|(c) 2013 Andrew Carmichael|
This morning in worship we sang a song I really like. Unfortunately I rarely hear it anymore, since it has reached the ripe old age of 20 years. The chorus proclaims:
We will dance on the streets that are golden
The glorious bride and the great son of man
From every tongue and tribe and nation
will join in the son of the lamb.
The words and the melody stir something inside me that make me want to dance. But I don't, unless I'm in the privacy of my own home, preferably without even family members around.
On Friday evening I went to see a student of mine perform in the musical The Secret Garden. She did a great job, as did all the teenagers in the show. I'm impressed by the acting and singing talents of so many youth. I'm also somewhat envious, because when I was that age I didn't have the courage or self-confidence to try performing. I was terrified to get in front of people, afraid of looking like a fool. It's the same fear that keeps me from dancing when I hear a song that moves me. I'm afraid of what others will think of me.
I am afraid of failure.
Now in the middle years of my life, I look back with regret at opportunities I might have pursued, at talents and skills I might have developed, at fun I might have had, if only I had not been afraid. I cannot undo those past events, but I can choose whether to continue to live in fear. Even now I still want to cling to what seems to be safe. I don't want to speak out on issues, lest others reject or criticize me. I don't take big risks because I don't want to fail.
However, I am slowly—ever so slowly—becoming comfortable in my own skin. I'm growing bolder in my willingness to speak my mind, even if I expect that it will not receive a positive response. I'm trying new things, like singing with a praise team and running for exercise. I'm not up to trying out for a dramatic role yet, nor do I know of any opportunities to do so, but I see myself developing greater confidence and boldness. Even as I grow more willing to try new things, I'm also more comfortable accepting that there are some things I don't want to or cannot do. I don't have to be all things to all people, and I do best to operate in my strengths rather than bemoaning my weaknesses.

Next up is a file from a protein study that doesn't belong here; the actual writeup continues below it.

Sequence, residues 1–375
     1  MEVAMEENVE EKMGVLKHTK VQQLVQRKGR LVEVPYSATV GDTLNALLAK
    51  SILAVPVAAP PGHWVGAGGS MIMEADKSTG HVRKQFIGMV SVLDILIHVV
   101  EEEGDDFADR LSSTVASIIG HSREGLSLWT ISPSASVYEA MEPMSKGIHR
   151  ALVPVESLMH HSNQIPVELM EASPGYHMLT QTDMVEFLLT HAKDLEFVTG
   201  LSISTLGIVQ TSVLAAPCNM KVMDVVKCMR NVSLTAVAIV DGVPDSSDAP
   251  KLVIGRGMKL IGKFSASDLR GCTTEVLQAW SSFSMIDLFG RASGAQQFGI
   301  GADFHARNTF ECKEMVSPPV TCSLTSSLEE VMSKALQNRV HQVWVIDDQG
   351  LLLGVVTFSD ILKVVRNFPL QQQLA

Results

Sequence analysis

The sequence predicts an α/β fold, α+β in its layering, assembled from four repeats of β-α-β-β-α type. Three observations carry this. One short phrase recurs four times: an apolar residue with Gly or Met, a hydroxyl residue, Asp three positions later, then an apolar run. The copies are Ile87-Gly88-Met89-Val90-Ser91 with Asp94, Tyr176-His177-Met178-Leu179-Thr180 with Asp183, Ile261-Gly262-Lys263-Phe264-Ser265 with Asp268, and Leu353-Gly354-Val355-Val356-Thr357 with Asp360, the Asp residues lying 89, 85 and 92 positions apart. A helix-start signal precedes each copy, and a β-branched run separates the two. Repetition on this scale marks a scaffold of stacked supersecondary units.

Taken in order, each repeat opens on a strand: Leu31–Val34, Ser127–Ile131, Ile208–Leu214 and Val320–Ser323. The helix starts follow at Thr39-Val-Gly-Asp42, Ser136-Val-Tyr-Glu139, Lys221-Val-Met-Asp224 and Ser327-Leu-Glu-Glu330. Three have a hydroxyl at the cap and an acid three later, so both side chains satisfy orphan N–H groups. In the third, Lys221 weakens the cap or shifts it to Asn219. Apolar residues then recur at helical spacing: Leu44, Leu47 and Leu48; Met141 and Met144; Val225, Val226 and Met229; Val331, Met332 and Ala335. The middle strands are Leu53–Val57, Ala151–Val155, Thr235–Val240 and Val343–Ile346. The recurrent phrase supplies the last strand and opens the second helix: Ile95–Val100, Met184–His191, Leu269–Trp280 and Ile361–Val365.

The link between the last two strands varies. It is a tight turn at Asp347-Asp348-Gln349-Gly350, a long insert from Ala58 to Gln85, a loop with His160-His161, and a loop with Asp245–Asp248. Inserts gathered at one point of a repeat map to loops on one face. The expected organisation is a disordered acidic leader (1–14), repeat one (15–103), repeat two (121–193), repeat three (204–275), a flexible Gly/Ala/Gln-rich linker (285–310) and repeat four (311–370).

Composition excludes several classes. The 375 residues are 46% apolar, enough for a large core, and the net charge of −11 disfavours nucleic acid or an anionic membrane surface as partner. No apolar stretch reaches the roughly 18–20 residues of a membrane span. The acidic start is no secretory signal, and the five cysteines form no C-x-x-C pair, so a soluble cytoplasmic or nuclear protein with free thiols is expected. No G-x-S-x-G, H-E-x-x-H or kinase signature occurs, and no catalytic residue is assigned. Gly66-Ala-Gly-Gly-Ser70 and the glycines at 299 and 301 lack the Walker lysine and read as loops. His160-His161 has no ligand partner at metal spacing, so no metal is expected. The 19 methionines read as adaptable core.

At the same time, I am learning to affirm more fully and genuinely the talents of others. I am letting go of the need to show that I'm smarter, better, stronger... whatever is-er. God has given each of us a unique set of gifts, abilities and interests and I can appreciate what others have, such as acting, even if I don't. I recognize more and more that everyone doesn't have to be, act, look, think, dress like me. Nor do I have to conform myself to what others do or think. Our society may compel that, and our churches even more so, but God doesn't. God created and embraces diversity. God celebrates it.
Perhaps one of these days I'll be so bold as to dance during worship, even if ever-so-slightly. That's a big step and I'm not sure I'm ready to take it. But I hope I will eventually. I want to embrace fully the identity I have in Christ, no longer worrying about the expectations or judgments of others, but celebrating the me that God has created me to be. For part of the great redemption story is that God sets us free from fears and bondage of all kinds. God liberates us to be all that we were meant to be, in all the colorful diversity, uniqueness and beauty that this entails. The song I quoted at the beginning speaks to this as well, reminding us that before the throne of God will dance women and men from all nations, languages and cultures. It promises to be a colorful celebration and I look forward to being a part of it, dancing with reckless abandonment to the glory of God.